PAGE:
Come and ask, answer or inform.
|Date from||Date to||Event||Source|
|6.9.1765||Passed the Lieutenant's Examination||RNLPC|
|29.1.1777||Lieutenant ADM 6/21/327||CSORN|
|18.5.1782||17.12.1782||Substitute (10), Lieutenant and Commanding Officer||BWAS-1714|
|17.12.1782||Commander ADM 6/23/92||CSORN|
|17.12.1782||Substitute (10), Commander and Commanding Officer ADM 6/23/92|
Issued by Edward Hughes (1720-1794), East Indies
Commission confirmed 5.7.1783
|8.6.1787||2.12.1789||Bulldog (16), Commander and Commanding Officer ADM 6/23/398||BWAS-1714|
|2.12.1789||Captain ADM 6/24/137||CSORN|
|2.12.1789||9.1791||Ambuscade (32), Captain and Commanding Officer ADM 6/24/137|
Commission confirmed 29.9.1791
|16.10.1793||Chichester (68), Captain and Commanding Officer ADM 6/24/275||ADM 6/24|
|11.1796||4.1802||Agamemnon (64), Captain and Commanding Officer||BWAS-1793|
|2.4.1801||Battle of Copenhagen|
|1805||1807||Zealand (64), Captain and Commanding Officer||BWAS-1793|
|28.4.1808||Rear-Admiral of the Blue||CSORN|
|25.10.1809||Rear-Admiral of the White||CSORN|
|31.7.1810||Rear-Admiral of the Red||CSORN|
|12.8.1812||Vice-Admiral of the Blue||CSORN|
|4.6.1814||Vice-Admiral of the White||CSORN|
|12.8.1819||Vice-Admiral of the Red||CSORN|
|27.5.1825||Admiral of the Blue||CSORN|
This officer was first Lieutenant of the Gibraltar, of 80 guns, bearing the broad pendant of the late Sir Richard Bickerton, in Feb. 1782, at which period that officer sailed for the East Indies, with several men of war, to reinforce the squadron on that station under Sir Edward Hughes. On his passage the Commodore touched at Rio Janeiro, where he purchased a cutter on Government account, and promoted Mr. Fancourt into her, with the rank of Commander. In this vessel, .which we believe was named the Substitute, and mounted 14 guns, Captain Fancourt proceeded to India, and continued there during the remainder of the war.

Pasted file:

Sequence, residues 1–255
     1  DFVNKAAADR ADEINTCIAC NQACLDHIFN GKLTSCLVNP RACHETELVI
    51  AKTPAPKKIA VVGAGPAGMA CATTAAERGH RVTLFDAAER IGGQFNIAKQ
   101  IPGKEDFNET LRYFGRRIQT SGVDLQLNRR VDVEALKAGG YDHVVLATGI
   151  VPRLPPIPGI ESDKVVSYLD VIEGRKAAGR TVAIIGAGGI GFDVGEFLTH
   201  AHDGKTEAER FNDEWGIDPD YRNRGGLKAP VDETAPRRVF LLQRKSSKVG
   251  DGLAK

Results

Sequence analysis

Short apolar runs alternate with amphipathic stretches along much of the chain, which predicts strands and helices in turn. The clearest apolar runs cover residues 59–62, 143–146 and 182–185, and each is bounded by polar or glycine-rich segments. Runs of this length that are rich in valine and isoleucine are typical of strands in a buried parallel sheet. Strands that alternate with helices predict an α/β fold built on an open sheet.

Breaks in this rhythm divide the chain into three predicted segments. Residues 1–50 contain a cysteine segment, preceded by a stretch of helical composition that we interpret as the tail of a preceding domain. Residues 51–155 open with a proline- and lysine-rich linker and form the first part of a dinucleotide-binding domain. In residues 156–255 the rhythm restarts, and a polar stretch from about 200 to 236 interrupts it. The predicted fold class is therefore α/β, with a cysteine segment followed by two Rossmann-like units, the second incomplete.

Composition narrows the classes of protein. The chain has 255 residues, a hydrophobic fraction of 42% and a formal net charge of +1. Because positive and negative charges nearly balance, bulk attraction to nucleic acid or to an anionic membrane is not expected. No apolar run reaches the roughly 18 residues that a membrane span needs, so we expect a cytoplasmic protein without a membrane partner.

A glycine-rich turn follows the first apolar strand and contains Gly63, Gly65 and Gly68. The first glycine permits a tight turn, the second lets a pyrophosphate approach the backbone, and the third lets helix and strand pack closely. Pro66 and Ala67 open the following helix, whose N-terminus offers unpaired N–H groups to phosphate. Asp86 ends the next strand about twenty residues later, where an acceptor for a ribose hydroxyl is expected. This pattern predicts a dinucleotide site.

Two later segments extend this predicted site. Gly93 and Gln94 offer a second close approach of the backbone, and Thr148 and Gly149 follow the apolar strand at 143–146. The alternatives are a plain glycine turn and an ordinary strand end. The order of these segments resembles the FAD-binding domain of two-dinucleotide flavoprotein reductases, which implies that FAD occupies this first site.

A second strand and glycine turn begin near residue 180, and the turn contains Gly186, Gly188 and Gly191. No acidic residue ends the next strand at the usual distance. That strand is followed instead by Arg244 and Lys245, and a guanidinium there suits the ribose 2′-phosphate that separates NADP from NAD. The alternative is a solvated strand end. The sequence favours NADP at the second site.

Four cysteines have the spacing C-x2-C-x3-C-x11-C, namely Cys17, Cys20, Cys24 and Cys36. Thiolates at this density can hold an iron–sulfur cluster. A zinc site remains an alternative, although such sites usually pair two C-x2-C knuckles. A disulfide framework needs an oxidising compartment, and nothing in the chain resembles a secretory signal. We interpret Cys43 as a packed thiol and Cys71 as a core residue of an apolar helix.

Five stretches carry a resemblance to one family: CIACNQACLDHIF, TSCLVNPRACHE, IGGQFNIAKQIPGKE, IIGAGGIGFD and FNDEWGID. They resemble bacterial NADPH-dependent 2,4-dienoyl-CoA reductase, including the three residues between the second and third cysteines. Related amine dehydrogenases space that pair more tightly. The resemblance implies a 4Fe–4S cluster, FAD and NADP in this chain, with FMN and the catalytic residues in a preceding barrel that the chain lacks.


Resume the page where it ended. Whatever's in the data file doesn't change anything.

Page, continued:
In 1790, a dispute arose with Spain relative to Nootka Sound; and Captain Fancourt, who had been advanced to post rank, on the 2d Dec., in the preceding year, was appointed to the command of the Ambuscade frigate, stationed in the Mediterranean. Soon after the commencement of the war with France, in 1793, we find him in the Chichester, of 44 guns, employed principally in escorting the trade to and from the West Indies and Mediterranean. This vessel, in company with the Intrepid, 64, captured la Sirenne, French corvette, off St. Domingo, about the month of Aug. 1794.
In the year 1797, Captain Fancourt was removed into the Agamemnon, of 64 guns, attached to Admiral Duncan’s fleet in the North Sea. This ship appears to have been implicated in the mutiny at the Nore, but previous to its suppression seceded from the rebellious cause. In the summer of 1800, she formed part of the squadron sent to Elsineur under the orders of Vice-Admiral Dickson, for the purpose of giving weight to the arguments adduced by the British Minister in support of the right claimed by Great Britain to search neutral vessels.
We next find Captain Fancourt accompanying Sir Hyde Parker on an expedition against Copenhagen, in the spring of 1801; but from the unfortunate circumstance of the Agamemnon striking upon a shoal when approaching the Danish line of defence, he was prevented from participating in the glorious victory achieved by Lord Nelson, to whose division he had been attached. On the Agamemnon’s return to England, she was stationed as a guard ship in Hosely Bay. Captain Fancourt subsequently commanded the Zealand, 64, bearing the flag of the Commander-in-Chief at the Nore. He was advanced to the rank of Rear-Admiral, April 28, 1808; and Vice-Admiral, Aug. 12, 1812.